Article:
Objectives

To understand how computers are constructed out of a set of functional units

and how the functional units operate, interact, and communicate

To understand the factors and trade-offs that affect computer performance

To understand the concrete representation of data at the machine level and

how computations are performed at the machine level

Unit I

Basic structure of computers - Operational concepts - Bus structures - Arithmetic

operations - Memory operations - Addressing modes - Basic I/O operations Performance.

Unit II

Arithmetic - Addition & subtraction of signed numbers - Multiplication - Integer

division - Floating point operations.

Unit III

Processing unit - Control unit - Pipelining - Multiple bus organization - Hardwired

control - Micro programmed control - Hazards - Data path - Embedded systems.

Unit IV

Memory system - Basic concepts - Semiconductor RAM memory - Cache memory Performance considerations - Virtual memory - Secondary storage.

Unit V

I/O Organization - Accessing I/O devices - Interrupts - DMA - Buses - Interface

circuits - Serial communication links.

Outcomes

Ability to understand the merits and pitfalls in computer performance

measurements

Ablity to understand memory hierarchy and its impact on computer cost/

performance

Technical knowhow of the advantage of instruction level parallelism and

pipelining for high performance processor design

Text Book

C. Hamacher, Z. Vranesic, and S. Zaky, "Computer Organization",

McGraw Hill, Fifth Edition, 2002

Reference Book

W. Stallings, "Computer Organization and Architecture", Pearson education,

First Edition, 2002

NITTUGCSE08

Credit: 2

Objectives

To know and understand the principal programming abstractions

To be able to express computational solutions in the main programming

idioms

To be able to program in imperative, concurrent, functional and objectoriented programming languages.

Experiments

1. UNIX shell programming

2. Programming tools and windows

3. Network File Systems

4. Network Information Systems

5. Message Passing Interface

6. Functional programming techniques through LISP

7. Object-oriented programming techniques through C++/Java

8. Logic programming through techniques PROLOG

Outcomes

Ability to write program in specific language (C, C++/Java, Scheme, and

PROLOG)

Ability to test and debug the programs for critical errors

Ability to analyze and optimize program

Credit: 2

Objectives

To analyze the time and space complexities and efficiency of various

algorithms.

To understand the practical application of linear and nonlinear data structures.

To introduce and practice advanced algorithms, programming techniques

necessary for developing sophisticated computer application programs.

Experiments

Problems in C/C++/ Java using data structures involving arrays, stacks,

queues, strings, linked lists, trees, graphs.

Operations on stacks, queues and linked lists

Conversion of infix expressions to postfix and evaluation of postfix

expressions

Implementation of priority queue

Implementation of Binary Tree and Binary Search

Tree Implementation of Sorting Techniques

Outcomes

Ability to apply and implement the learned algorithm for problem solving

Ability to identify the data structure to develop program for real time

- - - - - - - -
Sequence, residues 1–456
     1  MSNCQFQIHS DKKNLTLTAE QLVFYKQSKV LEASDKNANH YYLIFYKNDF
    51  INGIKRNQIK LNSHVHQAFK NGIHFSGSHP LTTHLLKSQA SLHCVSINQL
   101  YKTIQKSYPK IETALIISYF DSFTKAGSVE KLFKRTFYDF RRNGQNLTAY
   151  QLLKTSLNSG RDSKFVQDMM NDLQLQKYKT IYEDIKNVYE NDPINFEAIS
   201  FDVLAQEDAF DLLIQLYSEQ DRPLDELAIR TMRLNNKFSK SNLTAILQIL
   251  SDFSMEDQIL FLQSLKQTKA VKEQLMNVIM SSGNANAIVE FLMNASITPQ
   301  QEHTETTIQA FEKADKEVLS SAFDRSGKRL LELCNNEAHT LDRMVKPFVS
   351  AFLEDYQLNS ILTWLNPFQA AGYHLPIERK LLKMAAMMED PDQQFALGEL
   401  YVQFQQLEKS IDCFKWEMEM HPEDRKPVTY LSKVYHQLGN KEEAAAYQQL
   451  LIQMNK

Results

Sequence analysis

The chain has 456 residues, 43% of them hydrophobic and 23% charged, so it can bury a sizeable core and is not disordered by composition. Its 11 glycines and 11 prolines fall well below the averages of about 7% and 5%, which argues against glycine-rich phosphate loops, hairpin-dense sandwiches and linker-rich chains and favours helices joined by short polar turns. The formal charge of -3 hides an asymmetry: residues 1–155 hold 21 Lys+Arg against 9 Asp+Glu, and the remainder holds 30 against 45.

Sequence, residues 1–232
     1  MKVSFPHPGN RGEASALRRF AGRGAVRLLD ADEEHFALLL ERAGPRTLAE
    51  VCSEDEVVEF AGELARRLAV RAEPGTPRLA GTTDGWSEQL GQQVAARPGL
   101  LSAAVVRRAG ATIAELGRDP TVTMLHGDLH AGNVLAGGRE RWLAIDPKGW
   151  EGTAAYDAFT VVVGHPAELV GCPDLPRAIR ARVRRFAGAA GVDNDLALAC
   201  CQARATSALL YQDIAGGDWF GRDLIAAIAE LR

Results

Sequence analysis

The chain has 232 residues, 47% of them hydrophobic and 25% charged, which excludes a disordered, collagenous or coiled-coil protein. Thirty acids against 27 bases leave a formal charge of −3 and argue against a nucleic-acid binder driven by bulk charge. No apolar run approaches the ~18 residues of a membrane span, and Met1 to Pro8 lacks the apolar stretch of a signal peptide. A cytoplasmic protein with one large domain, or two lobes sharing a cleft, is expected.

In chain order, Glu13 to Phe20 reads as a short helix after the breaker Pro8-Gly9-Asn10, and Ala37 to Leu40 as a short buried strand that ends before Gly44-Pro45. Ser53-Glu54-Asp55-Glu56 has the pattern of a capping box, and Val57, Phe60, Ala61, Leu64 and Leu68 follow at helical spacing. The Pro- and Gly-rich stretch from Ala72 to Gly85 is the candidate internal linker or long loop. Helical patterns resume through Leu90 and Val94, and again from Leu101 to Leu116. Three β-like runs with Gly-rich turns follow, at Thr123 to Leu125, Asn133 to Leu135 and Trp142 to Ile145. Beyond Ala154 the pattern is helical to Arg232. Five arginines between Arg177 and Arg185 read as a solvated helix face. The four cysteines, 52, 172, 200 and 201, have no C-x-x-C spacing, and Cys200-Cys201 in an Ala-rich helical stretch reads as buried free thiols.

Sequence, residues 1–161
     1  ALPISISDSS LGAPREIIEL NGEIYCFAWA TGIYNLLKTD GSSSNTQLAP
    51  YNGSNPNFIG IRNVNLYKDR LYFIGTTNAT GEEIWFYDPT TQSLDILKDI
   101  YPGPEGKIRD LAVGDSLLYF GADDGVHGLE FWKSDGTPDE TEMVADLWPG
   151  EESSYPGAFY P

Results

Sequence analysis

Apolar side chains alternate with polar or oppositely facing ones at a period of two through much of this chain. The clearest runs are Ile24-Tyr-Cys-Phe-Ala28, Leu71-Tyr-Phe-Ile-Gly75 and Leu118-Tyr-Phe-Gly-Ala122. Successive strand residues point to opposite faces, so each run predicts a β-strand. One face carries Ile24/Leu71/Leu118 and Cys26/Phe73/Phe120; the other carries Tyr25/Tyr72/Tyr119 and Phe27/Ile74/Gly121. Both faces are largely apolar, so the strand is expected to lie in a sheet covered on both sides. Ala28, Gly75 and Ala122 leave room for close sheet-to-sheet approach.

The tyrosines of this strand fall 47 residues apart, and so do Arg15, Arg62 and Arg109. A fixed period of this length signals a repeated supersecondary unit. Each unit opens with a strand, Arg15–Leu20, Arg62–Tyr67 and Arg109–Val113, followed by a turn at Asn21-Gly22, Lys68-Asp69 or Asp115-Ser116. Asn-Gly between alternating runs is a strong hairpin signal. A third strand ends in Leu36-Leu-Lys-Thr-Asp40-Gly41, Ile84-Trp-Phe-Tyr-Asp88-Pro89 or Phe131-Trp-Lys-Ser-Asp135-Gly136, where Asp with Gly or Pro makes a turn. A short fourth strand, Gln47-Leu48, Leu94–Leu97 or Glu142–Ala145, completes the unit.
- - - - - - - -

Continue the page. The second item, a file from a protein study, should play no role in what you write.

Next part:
applications

NITTUGCSE08

FOURTH SEMESTER

CS202: Automata and Formal Languages

Credit: 2

Objectives

To provide a challenging introduction to some of the central ideas of

theoretical computer science

To provide a set of mathematical tools for understanding complex systems

such as universes and minds

Unit I

Finite Automata - Deterministic, non-deterministic and equivalence - Equivalence of

regular expressions and FA - Moore and Mealy machines.

Unit II

Regular Languages - Pumping lemma of regular sets - Myhill Nerode theorem Minimization of finite automata - Chomsky hierarchy of languages.

Unit III

Text-Free Language - Context-free grammar - Derivation trees - Ambiguity

simplification - Normal forms - UVWXY theorem - Applications.

Unit IV

Pushdown Automata - Definitions - Context free languages - Construction of PDA for

simple CFLs - Linear bounded automata.

Unit V

Turing Machines - Universal Turing Machines - Types of Turing Machines Techniques - Halting problem - Stack automata - Definitions.

Outcomes

Proficiency with mathematical tools and formal method

Technical knowhow on applying the techniques to computing

Text Book

J. E. Hopcroft and J. D. Ullman, "Introduction to Automata Theory,

Languages and Computation, Pearson Education, 2001

Reference Book

Peter Linz, "An Introduction to Formal Language and Automata", Narosa

Pub. House, Reprint 2000

NITTUGCSE08

Credit: 3

Objectives

To understand the architecture of basic building blocks, logic gates, adders,

multipliers, shifters and other digital devices

To understand the logic of minimization techniques including Karnaugh

Maps To understand the structure of field programmable logic circuits FPGAs

To analyze design of combinational logic, sequential circuits, PLA, PAL

Unit I

Introduction to VLSI design - Basic gate design - Digital VLSI design - Design of

general boolean circuits using CMOS gates.

Unit II

Verilog Concepts Basic concepts Modules & ports & Functions useful modeling

techniques Timing and delays user defined primitives.

Unit III

Modeling Techniques Gate level modeling Dataflow modeling Physical

modeling Structural / Data flow modeling Switch level modeling.

Unit IV

Advanced Verilog Concepts Synthesis concepts Inferring latches and flip-flops